NC is Prepared for Zika Virus, Risk of Local Virus-carrying Mosquitoes Low


RALEIGH, N.C. – State health officials continue to encourage North Carolinians to take preventive measures against mosquito bites and to stay informed of the risk of Zika virus infection before traveling to areas with local, active transmission, now including Miami, Fla.

On Aug. 1, the Centers for Disease Control and Prevention issued travel, testing and other recommendations for people who traveled to or lived in a Miami, Fla. neighborhood after June 2016, when health officials discovered local transmission of the virus by mosquitoes.

Zika virus is primarily transmitted through the bite of an infectious Aedes aegypti mosquito. This mosquito, to date, has not been identified in North Carolina, according to a statewide survey of mosquito populations being conducted in conjunction with researchers at East Carolina University, North Carolina State University, Western Carolina University and experts at local health departments. Currently, 33 travel-related cases of Zika virus have been confirmed in North Carolina. 

“The risk of Aedes aegypti mosquitoes in North Carolina transmitting Zika virus is very low,” said State Public Health Veterinarian Carl Williams, DVM. “North Carolina’s efforts in Zika preparedness and response have positioned us well should local transmission occur. Nonetheless, it’s important for people to take preventive measures against mosquito bites and be aware of CDC guidance on travel to areas with active transmission.”

In response to Governor McCrory’s budget priorities, $477,500 was allocated to develop an infrastructure to detect, prevent, control and respond to the Zika virus and other vector-borne illnesses.The North Carolina Division of Public Health is using the funds to hire entomology and laboratory experts, and provide aid to counties across the state. Additionally, North Carolina has been awarded more than $1 million in grant funds from the Centers for Disease Control and Prevention to address Zika, including surveillance, tracking and reporting of Zika pregnancy outcomes.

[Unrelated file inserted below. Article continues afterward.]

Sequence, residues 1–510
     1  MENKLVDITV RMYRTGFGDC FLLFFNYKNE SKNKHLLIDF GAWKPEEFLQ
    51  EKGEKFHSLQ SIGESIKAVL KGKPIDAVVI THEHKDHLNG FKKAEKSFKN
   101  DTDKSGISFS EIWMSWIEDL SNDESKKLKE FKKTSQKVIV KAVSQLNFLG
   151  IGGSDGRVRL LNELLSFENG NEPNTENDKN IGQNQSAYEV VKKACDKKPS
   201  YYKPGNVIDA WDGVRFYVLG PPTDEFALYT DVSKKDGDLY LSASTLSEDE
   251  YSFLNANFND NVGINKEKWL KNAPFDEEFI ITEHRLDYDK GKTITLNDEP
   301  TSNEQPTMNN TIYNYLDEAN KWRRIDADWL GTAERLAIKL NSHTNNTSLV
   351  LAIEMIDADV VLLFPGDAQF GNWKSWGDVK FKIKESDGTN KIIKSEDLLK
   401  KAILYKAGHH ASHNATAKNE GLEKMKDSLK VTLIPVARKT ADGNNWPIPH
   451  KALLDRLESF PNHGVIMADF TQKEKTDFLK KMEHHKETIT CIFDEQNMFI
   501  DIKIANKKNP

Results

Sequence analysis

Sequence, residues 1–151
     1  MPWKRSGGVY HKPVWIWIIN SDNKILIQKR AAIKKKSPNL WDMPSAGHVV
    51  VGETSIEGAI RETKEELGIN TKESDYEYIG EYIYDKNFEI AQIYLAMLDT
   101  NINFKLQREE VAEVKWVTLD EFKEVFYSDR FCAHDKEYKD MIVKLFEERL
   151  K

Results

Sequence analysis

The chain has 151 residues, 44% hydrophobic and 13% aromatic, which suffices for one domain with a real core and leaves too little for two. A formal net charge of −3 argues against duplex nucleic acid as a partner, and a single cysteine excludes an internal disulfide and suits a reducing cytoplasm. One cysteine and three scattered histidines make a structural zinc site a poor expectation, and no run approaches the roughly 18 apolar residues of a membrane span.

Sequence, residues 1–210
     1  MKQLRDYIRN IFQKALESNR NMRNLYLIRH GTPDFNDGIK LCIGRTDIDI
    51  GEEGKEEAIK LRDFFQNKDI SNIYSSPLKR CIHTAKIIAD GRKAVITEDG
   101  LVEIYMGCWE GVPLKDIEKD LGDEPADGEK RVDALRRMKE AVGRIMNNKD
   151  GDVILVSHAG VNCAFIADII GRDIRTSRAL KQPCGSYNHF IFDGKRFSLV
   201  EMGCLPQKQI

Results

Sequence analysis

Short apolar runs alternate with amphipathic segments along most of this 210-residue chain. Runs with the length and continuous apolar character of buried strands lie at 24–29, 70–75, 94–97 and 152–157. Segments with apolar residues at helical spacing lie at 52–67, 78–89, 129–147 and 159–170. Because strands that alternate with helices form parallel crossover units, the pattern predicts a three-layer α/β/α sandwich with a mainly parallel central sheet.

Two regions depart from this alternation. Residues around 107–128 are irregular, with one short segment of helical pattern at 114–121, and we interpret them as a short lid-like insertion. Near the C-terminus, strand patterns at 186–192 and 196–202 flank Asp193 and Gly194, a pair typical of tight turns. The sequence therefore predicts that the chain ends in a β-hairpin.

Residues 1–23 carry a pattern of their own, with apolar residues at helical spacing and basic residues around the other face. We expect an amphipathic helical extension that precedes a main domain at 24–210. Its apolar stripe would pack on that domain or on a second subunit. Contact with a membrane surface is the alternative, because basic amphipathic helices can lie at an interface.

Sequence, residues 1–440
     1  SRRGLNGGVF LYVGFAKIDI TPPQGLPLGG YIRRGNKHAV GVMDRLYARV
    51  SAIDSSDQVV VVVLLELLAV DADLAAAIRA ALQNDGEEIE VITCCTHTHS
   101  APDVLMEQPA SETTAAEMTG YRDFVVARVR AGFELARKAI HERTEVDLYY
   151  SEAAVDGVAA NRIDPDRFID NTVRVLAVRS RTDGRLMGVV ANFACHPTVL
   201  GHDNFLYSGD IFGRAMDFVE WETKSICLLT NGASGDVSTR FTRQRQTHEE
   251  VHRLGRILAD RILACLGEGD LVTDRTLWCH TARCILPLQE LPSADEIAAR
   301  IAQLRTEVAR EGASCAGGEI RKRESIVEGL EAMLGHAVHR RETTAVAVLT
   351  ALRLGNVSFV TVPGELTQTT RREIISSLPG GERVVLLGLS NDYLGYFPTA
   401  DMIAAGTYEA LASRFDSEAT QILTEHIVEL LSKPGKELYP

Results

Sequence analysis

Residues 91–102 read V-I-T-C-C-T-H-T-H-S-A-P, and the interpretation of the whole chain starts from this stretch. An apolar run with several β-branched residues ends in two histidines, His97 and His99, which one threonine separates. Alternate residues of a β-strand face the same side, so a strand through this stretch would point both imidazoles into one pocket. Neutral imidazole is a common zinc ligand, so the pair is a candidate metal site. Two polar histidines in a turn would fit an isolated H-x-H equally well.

Symptoms of Zika virus include rash and red eyes. Less common symptoms include fever, joint pains and muscle aches. Only about one in five people infected with Zika virus will show symptoms. Sexual transmission of Zika virus is possible, and is of particular concern during pregnancy. 

A pregnant woman infected with Zika virus can pass the virus to her unborn baby. A serious birth defect of the brain called microcephaly, and other adverse pregnancy outcomes have been reported in some mothers who were infected with Zika virus while pregnant. The Centers for Disease Control and Prevention has issued a travel advisory recommending pregnant women consider postponing travel to any area with active Zika virus transmission. Women who are trying to become pregnant should talk to their doctors about the risk of Zika virus infection before traveling.

While the primary mosquito that carry Zika virus are not believed to be widespread in North Carolina, individuals are always encouraged, as a routine precaution, to take steps to prevent mosquito bites by:

  • Wearing insect repellent registered with the Environmental Protection Agency.
  • Wearing long-sleeved shirts and pants.
  • Using air conditioning or make sure window and door screens are in place.


About the N.C. Division of Public Health Epidemiology, Communicable Disease Branch

The Division of Public Health Epidemiology, Communicable Disease Branch works with the public, local health departments and other public health agencies, healthcare professionals, educators, businesses, communities and healthcare facilities to protect and improve the health of people in North Carolina through disease detection, tracking, investigation, control, education, prevention and care activities.

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